Panetta, Shinseki discuss more transition support for vets
October 19, 2011
WASHINGTON, Oct. 18, 2011 -- Ways to help separating service members and veterans prepare for and launch civilian careers topped the agenda during Defense Secretary Leon E. Panetta's visit yesterday with Veterans Affairs Secretary Eric K. Shinseki, Pentagon spokesman Navy Capt. John Kirby reported.
Shinseki hosted the latest in a series of quarterly meetings about ways to help smooth the path for military members as they transition to civilian life and careers.
Panetta and Shinseki lead a joint task force President Barack Obama established to promote veteran employment and boost separating and retiring military members' career readiness. They agreed during yesterday's talks on the need to provide each veteran with a cohesive employment search strategy and improve direct connections between employers and veterans, Kirby said.
Separating service members also need access to improved career counseling services that include information about GI Bill benefits and guidance on small-business opportunities, the secretaries noted.
Additionally, discussed creating a system to provide professional credentials and certifications based on applicable military experience, Kirby said.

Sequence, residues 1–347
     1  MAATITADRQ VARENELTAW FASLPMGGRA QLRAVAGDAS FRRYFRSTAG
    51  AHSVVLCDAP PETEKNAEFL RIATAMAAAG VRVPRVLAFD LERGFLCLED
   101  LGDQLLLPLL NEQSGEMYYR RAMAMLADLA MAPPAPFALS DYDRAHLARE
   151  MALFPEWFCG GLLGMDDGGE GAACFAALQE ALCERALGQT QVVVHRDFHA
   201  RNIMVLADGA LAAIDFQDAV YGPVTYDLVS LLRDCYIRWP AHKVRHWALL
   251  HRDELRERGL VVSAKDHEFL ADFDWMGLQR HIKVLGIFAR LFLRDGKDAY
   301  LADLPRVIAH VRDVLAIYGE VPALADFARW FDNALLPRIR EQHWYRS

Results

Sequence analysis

Obama told the American Legion Convention in August that he had directed DOD and VA to create a "reverse boot camp" to help the newest veterans prepare for civilian jobs and translate their military skills into industry-accepted licenses and credentials.
Panetta and Shinseki addressed a range of other issues yesterday, Kirby said, including ongoing efforts between the two departments to establish joint integrated electronic health records and improve the disability evaluation system.
The meeting came two days before the president travels to Joint Base Langley-Eustis, Va., to discuss efforts under way to create more jobs for veterans and encourage more employers to hire them.
Obama lamented the unemployment rate among veterans during an Aug. 30 address to the American Legion's national convention, and called on employers to take advantage of the "incredible talents" they have to offer.
Saluting the 5 million Americans who have served in uniform since 9/11 as a "generation of innovators" who have "changed the way America fights and wins its wars," he said veterans also are the very people the nation needs to jump-start its economy.
"After a decade of war, it's time to focus on nation building here at home," the president said. "And our veterans, especially our '9/11-Generation' veterans, have the skills and the dedication to help lead the way."
Panetta reemphasized during congressional testimony earlier this week the need for the nation to support and keep faith with the men and women in uniform, even in the face of budget constraints.
"They're the ones that have made us strong, and they're the ones that put their lives on the line every day in order to protect this country," he told the House Armed Services Committee during the Oct. 13 hearing. "We have got to maintain our faith with those that have deployed time and time and time again. And that's something I intend to do."